Kampala. Government has dropped financial assistance to the police budget by Shs95b, but shifted its focus to supporting the Force in retooling officers with an injection of Shs91.5b in the 2017/2018 Budget.
The Shs91.5b, which is 17 per cent of the police’s Shs524.8b budget, will be used in retraining, capacity building and equipping officers.
The police budget has dropped by Shs1b from Shs525.6b in the previous financial year.
Police spokesman Asan Kasingye said the funds will help them to provide training together with necessary tools of trade.
Police have now established new training schools, including Police Senior Command and Staff College at Bwebajja in Wakiso District, Counter Terrorism School in Katakwi District, and Field Force Unit School in Ikafe in Nebbi District.
Police will spend 45 per cent (Shs236b) of its budget on wages. The expenses on wages and non-wage recurrent expenditure contribute to 80 per cent to the police budget.
The remaining 20 per cent (Shs101b) will be used for developments such as construction.
This means there is hope of having massive installation of close-circuit television cameras (CCTV) in major urban centres in the country.
According to the Internal Affairs ministerial policy statement, they need Shs203b to kick start the project.
The move to drop government support to police will also affect the criminal investigations and intelligence department.
Both directorates of criminal investigations and intelligence have been given Shs34b. The allocated funds are just a third of what is needed to investigate capital offences alone. On average, police spend Shs2.1m to investigate a capital offence. At least 50,000 capital offences are registered annually. Another 60,000 minor offences are registered in the same period.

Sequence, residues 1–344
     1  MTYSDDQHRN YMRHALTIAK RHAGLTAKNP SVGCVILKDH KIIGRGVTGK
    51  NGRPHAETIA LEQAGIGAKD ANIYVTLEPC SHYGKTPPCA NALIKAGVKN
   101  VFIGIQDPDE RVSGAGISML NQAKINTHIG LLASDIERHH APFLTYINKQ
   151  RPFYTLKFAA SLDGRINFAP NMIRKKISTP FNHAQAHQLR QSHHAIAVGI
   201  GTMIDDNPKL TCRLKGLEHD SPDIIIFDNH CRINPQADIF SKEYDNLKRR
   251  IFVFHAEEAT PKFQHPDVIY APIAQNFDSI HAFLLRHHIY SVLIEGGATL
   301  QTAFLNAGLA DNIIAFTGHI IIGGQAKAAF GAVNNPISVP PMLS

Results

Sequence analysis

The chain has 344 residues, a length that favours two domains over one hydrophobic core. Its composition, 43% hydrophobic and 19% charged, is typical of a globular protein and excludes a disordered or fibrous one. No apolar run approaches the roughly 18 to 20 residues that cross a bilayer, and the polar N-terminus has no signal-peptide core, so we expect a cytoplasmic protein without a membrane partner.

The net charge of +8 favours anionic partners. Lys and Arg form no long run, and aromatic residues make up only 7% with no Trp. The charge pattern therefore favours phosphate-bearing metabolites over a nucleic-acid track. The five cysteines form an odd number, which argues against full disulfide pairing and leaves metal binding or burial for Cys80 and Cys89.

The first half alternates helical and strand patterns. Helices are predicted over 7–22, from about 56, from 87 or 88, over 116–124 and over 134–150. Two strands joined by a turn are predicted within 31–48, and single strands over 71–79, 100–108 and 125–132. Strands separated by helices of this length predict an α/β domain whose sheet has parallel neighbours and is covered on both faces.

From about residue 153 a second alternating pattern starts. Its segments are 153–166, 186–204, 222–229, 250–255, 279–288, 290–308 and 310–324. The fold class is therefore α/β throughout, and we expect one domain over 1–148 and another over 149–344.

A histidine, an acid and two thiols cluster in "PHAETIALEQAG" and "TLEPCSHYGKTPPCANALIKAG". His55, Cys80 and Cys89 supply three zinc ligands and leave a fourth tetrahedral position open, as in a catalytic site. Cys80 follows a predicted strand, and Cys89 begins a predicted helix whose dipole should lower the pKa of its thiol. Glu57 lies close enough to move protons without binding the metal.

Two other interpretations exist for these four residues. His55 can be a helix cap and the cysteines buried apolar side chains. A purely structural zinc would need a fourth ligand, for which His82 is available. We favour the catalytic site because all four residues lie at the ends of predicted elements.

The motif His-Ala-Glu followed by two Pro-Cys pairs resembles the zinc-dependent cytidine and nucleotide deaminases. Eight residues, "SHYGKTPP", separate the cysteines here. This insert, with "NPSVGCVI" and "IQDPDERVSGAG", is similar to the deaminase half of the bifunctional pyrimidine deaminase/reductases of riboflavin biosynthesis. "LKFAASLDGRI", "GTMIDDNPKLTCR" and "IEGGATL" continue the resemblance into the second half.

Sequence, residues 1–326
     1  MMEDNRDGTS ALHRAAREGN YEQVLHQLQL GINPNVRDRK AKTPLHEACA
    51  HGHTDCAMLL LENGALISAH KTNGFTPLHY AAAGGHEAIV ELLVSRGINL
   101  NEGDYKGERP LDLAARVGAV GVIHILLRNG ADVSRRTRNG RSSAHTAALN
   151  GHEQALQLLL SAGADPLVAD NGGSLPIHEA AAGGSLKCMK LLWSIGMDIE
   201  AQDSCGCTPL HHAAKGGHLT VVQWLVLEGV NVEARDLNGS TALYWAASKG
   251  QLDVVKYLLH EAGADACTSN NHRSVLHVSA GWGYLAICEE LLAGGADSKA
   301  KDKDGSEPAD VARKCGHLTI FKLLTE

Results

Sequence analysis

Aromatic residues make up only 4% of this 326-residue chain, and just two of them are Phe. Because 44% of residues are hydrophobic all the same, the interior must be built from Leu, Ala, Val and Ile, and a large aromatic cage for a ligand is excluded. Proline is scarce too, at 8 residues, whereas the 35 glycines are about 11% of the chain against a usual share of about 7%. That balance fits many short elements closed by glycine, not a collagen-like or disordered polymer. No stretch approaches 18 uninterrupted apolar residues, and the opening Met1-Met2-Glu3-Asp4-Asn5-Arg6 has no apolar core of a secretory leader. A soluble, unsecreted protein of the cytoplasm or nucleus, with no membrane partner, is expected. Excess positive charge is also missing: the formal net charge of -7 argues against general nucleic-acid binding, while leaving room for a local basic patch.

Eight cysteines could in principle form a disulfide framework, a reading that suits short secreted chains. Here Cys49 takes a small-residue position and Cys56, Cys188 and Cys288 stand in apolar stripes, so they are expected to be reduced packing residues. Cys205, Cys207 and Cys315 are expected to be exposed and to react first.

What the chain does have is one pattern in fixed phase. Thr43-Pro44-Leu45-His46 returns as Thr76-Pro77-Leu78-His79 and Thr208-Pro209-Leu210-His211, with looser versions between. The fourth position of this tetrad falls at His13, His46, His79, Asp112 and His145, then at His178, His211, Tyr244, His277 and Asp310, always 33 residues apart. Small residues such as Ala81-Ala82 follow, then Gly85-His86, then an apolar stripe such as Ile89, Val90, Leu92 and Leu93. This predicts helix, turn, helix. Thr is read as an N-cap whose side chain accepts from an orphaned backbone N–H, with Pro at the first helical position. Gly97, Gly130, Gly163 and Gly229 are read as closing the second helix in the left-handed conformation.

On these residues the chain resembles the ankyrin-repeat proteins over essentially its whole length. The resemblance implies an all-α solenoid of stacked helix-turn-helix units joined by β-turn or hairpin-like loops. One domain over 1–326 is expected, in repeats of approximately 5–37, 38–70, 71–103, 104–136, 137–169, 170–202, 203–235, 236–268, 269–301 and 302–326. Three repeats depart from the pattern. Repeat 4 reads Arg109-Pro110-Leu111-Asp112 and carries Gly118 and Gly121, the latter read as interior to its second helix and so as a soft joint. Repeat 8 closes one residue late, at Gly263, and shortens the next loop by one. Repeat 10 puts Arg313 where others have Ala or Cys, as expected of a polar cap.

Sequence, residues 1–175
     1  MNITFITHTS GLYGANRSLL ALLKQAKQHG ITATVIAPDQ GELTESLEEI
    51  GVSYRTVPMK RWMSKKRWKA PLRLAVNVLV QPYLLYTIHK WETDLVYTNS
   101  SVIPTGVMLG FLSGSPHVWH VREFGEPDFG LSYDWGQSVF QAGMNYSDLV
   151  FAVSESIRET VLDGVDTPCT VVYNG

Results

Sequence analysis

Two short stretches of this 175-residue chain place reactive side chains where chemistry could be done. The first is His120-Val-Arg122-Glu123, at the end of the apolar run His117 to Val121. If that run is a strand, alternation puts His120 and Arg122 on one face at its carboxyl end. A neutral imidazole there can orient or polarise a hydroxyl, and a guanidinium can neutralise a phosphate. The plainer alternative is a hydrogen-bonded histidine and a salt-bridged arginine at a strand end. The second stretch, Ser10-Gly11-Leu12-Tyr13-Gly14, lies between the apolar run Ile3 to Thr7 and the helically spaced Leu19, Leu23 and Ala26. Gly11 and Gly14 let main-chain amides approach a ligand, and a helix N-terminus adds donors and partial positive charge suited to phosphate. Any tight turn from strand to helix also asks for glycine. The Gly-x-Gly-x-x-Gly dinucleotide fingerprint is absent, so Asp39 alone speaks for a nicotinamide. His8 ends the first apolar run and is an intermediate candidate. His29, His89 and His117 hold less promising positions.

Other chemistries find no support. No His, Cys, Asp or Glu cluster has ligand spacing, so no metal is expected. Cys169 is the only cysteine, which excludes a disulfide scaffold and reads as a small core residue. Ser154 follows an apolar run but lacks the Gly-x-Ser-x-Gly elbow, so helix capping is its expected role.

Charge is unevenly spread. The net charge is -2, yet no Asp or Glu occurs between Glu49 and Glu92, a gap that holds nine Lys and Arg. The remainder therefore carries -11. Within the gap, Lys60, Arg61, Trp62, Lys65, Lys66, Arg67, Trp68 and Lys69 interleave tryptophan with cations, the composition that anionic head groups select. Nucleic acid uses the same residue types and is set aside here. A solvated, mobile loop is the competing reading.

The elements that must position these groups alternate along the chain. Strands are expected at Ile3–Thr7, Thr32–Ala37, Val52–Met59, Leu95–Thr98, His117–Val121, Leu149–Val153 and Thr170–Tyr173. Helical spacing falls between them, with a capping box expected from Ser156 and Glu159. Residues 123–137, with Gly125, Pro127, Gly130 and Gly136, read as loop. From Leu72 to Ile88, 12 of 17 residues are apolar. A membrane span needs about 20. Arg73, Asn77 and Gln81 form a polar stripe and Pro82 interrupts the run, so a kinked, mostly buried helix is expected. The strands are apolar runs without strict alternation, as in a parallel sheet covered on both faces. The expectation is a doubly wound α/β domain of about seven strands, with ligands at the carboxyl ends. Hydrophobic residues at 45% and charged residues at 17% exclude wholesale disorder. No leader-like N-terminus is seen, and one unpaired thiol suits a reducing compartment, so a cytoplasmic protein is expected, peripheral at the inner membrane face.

Finance minister Matia Kasaija said in the financial year beginning, government will construct four one-stop centres that cover police, prosecutors, court and prison services in the districts of Buhweju, Nakaseke, Mayuge and Butambala to deal with case backlog.
Funds allocated for police housing have remained at Shs4b, which will impact on the speed of the ongoing housing project in Naguru.
Currently, police are constructing 1,020 housing units at Naguru. Police have a shortage of 30,000 units countrywide.
Last year, police stopped recruitment of police officers to redirect the funding to retraining of its officers. Most of the officers, especially non-commissioned officers (inspectors) and those at and above the rank of assistant superintendents of police, have skills gaps because many didn’t have training grounds.